Friday, September 18, 2009

The end is in sight - STS-133 crew named.

Space shuttle Discovery will be the ship chosen to bring the shuttle program to an end with the STS-133 mission. The final flight will be September 16, 2010 - we know that date will change like it always does though. But for now, that is it.
Flaps - up, transponder - standby, avionics switch - off, mixture - cutoff, master switch - off, secure aircraft. ....well not quite, but you get the point.
The final crew has been named as, Steve Lindsey, Eric Boe, Al Drew, Mike Barratt, Tim Kopra and Nicole Stott as the last crew of the space shuttle. Interesting that Nicole Stott and Mike Barratt are currently on board the ISS at this time. I wonder if this is the first time a crew has been assigned to another flight while currently on a mission? Lucky them, at least they know they will get one more trip to space.
I have a lot of mixed feelings about the shuttle cancellation. It mostly really bugs me that we don't have a replacement in place for possibly another 5 years after the shuttles are tucked away in museums. Even more frightening is the fact that there isn't enough money for the ambitious plans NASA has for the future with manned trips to the moon, and who knows if the Ares 1, Orion, and Ares V will even become a reality? The drive and ambition is there, but nothing can be done, rockets don't fly, moon landings don't happen, space stations get scrapped, if there isn't money.
As for recycling technology into a hybrid "Apollo on steroids" mix of shuttle and Apollo technology, I feel it's a step backwards. We go from flying the most complex machine ever built in history, to flying bottle rockets again. Sure, the shuttle has had it's problems, delays, near disasters, full blown disasters killing 14 people, and never lived up to it's plans of the "routine" flying UPS truck to orbit. I feel that NASA has been on a fairly smooth highway to the stars (with some potholes and detours). Now the pavement is ending, and there is a very muddy dirt road ahead that isn't even included in the Garmin GPS database. Anyway....I could ramble on for a while about my thoughts on this, good, bad and very undecided at this point.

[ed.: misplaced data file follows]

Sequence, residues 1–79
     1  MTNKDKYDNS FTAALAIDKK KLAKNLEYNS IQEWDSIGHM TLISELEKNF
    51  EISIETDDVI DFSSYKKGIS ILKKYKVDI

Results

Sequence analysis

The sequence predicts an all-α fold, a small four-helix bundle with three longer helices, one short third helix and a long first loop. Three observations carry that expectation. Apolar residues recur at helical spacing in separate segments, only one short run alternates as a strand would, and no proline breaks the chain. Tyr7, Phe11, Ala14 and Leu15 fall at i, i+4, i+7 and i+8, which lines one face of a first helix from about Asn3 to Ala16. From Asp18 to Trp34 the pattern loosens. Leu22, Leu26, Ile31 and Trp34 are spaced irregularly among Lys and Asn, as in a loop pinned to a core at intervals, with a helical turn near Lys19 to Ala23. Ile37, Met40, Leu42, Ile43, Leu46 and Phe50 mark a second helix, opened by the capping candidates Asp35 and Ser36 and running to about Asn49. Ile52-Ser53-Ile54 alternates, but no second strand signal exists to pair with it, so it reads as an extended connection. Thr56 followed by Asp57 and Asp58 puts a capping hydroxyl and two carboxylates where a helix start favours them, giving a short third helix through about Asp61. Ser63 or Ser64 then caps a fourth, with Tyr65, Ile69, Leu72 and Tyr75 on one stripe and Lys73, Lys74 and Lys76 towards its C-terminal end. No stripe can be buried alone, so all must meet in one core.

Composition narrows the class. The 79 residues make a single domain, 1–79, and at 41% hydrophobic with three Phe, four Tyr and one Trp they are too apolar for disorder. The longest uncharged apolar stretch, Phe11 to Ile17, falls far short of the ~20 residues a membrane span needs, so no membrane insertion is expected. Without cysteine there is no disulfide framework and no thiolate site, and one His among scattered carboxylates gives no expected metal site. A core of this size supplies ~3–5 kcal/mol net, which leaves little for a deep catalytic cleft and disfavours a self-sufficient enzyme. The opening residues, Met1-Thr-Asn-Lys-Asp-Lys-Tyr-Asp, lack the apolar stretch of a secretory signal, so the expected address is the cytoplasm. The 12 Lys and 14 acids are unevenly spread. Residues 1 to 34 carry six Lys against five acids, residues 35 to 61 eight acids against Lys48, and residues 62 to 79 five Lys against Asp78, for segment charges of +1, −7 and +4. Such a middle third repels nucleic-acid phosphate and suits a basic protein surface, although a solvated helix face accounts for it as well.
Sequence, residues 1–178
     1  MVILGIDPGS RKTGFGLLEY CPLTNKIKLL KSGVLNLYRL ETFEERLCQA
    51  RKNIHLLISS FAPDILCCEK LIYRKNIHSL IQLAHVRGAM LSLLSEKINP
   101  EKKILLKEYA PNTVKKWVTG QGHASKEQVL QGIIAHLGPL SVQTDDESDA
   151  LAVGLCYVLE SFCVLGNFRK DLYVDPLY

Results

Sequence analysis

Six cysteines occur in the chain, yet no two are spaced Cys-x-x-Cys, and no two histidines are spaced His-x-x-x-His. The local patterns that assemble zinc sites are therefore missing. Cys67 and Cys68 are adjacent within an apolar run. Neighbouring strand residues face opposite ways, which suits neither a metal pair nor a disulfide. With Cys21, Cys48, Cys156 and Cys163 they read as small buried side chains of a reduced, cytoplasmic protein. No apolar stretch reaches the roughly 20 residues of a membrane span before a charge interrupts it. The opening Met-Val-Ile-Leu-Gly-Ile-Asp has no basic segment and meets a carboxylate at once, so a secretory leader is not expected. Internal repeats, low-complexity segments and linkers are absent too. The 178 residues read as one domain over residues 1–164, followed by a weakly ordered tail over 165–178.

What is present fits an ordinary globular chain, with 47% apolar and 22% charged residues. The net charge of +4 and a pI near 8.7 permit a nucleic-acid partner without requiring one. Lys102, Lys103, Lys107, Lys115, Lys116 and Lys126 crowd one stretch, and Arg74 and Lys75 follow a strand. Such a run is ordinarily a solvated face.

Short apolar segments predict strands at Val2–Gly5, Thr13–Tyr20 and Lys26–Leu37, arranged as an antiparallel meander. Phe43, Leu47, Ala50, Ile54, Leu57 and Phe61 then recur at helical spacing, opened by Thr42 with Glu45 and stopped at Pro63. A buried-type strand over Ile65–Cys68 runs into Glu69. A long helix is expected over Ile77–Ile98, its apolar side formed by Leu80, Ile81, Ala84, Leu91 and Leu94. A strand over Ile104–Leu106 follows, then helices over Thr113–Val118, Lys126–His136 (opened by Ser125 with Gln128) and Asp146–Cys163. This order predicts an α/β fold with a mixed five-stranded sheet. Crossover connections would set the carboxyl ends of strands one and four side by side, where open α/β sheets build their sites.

So what I need to do now is get up early on the NASA ticket sales day and be ready to hit the "[Purchase ticket]" button within the fist few minutes after 6am (or 9am Florida time) and get another trip over to KSC. I saw STS-117, and I WILL see one more of the final 6 flights before the old birds are permanently grounded forever.
Here is a rough schedule for the ending of the shuttle program:


11/12...Atlantis....STS-129/ISS-ULF3...3....ELC-1; ELC-2 (external spares)

02/04...Endeavour...STS-130/ISS-20A....3....Node 3 (Tranquility); cupola
03/18...Discovery...STS-131/ISS-19A....3....Logistics module; science racks
05/14...Atlantis....STS-132/ISS-ULF4...3....Russian research module; spares
07/29...Endeavour...STS-134/ISS-ULF6...3....Alpha Magnetic Spectrometer; spares
09/16...Discovery...STS-133/ISS-ULF5...0....Permanent Logistics Module; spares

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